Sunday, July 16, 2006

Two Approaches

It's been interesting to me to read all the hype behind Google's products lately. Everything that comes out is a XXX-killer. mISV's freak out, Microsoft freaks out, "Google will destroy our business with its free product!". The only problem? No one uses these products. No one knows about these products. Ask ten non-techy people if they've used Google spreadsheets and see if they don't look at you as if lobsters are crawling out of your ears. Do you know how few people even use Google maps? In my opinion, this is probably the best product Google has ever made, and yet people still use MapQuest (What's taking them so long to switch to AJAX btw? It doesn't seem that difficult...). Gmail is growing slowly, but still is way way behind in use compared to Yahoo, MSN, Juno and AOL. Google finance is not even a glimmer in the rear view of Yahoo finance, and Google news is also unknown outside of the tech community. But a large majority of the searches on the Internet are performed with Google, why arn't these products taking off? Clearly the answer is advertising. Google refuses to plug their products on their front page like Yahoo does.

One of the best examples of this is Google Answers. Two years ago or so Google launched Google Answers. The premise was that you could bid for a researcher (selected by Google) to answer a question for you. It could be virtually anything. If the person gave an acceptable answer, you paid them, and Google got a cut. The only problem is, after the much hyped launch (in the tech media), even Geeks forget about this service. Google answers is almost as obscure as any other random site on the internet. Just recently, however, Yahoo! launched Yahoo Answers. The difference? Well, anyone can answer the question, and it costs nothing to users. But the real difference is that Yahoo promoted this service big time. They even have guests like Bono and Stephen Hawking asking questions. Overnight, the site is already filled with more helpful answers then Google Answers has had in two years. From mundane things like "How do I make my Hydrangeas grow blue" to "Where should i live in Chicago" there is wealth of random people answering these questions. The biggest difference is that Google has some paid person that is always going to provide an intelligent answer, while Yahoo lets any of the unwashed masses throw their two cents in. But in the end, the question asker can pick the best answer, and that will remain at the top for future searches.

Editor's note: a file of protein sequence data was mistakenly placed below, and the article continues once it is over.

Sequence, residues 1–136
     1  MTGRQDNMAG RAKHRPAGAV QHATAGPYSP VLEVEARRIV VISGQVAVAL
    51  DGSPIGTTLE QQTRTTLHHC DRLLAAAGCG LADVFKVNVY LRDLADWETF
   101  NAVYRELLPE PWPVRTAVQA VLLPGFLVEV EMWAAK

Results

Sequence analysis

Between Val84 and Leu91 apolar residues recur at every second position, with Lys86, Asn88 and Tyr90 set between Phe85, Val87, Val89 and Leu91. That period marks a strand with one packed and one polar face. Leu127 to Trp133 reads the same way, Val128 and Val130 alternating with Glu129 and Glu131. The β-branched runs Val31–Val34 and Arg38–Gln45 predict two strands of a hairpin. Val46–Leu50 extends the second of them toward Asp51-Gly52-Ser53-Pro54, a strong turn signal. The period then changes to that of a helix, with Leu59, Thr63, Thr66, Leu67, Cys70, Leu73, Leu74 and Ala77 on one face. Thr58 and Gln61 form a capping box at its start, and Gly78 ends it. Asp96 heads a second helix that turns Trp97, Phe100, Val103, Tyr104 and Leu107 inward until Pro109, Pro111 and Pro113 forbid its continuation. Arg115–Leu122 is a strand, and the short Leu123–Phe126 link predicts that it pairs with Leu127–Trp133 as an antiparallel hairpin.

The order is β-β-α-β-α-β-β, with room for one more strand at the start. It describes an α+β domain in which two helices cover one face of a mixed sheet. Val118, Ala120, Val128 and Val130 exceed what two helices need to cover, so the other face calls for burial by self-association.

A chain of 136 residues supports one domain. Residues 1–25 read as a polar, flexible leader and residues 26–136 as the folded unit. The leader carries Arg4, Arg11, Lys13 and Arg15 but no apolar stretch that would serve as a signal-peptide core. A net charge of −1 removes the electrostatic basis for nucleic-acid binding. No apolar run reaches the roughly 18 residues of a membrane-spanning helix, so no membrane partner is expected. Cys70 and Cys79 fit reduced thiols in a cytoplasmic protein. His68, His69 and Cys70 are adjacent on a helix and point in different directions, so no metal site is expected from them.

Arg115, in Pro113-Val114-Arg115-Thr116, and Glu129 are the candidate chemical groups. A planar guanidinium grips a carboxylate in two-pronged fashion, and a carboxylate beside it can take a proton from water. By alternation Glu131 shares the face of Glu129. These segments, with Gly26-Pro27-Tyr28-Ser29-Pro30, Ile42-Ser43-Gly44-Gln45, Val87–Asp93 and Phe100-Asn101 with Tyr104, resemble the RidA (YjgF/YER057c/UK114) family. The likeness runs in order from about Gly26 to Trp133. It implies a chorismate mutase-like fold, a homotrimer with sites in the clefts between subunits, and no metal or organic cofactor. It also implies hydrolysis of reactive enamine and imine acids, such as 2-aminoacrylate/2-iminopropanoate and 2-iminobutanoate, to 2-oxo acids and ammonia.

Another great example is Google Video. It could have been the next great thing, but again, YouTube trumped it by allowing a more open system (Google has to pre-screen every one manually), and by marketing, YouTube now far outstrips the popularity of Google Video.

My point? My point is that once again, marketing is everything. Google has created for itself quite a few catch-22s. People like Google because it's simple, but the simplicity keeps it from leveraging its traffic. So mISV's really should not fear when Google comes out with it's next product, because outside of the tech community, Google is just search. Once the initial hype fades away, very few of their ideas seem to survive.

3 Comments:

At 1:07 PM, Anonymous Jesse Smith said...

A couple thoughts:

While I think the satellite view features of Google Maps are incredibly cool, Mapquest still generates directions far better than Google. Getting directions is the main reason I go to Mapquest, and the couple times I've tried with Google Maps, I got truly nonsensical directions.

Second, I think Google is suffering from the problem of line extension. To most people, including technical folks, Google == Search. I know they claim the company motto of "organizing the world's information" but for the vast majority of people, "spreadsheet" == "Office", not "Google".

Your point re marketing is well taken - Google seems to create these nifty but half-baked "beta" products and then abandon them.

 
At 11:16 PM, Blogger Phil said...

Ditto on the accuracy of Google Maps. It's especially bad on long trips. Once I mapped a trip from Baltimore to New Orleans, and Google gave me a route that took 23 hours, compared to MapQuest route of 18.

 
At 9:34 AM, Blogger volvo said...

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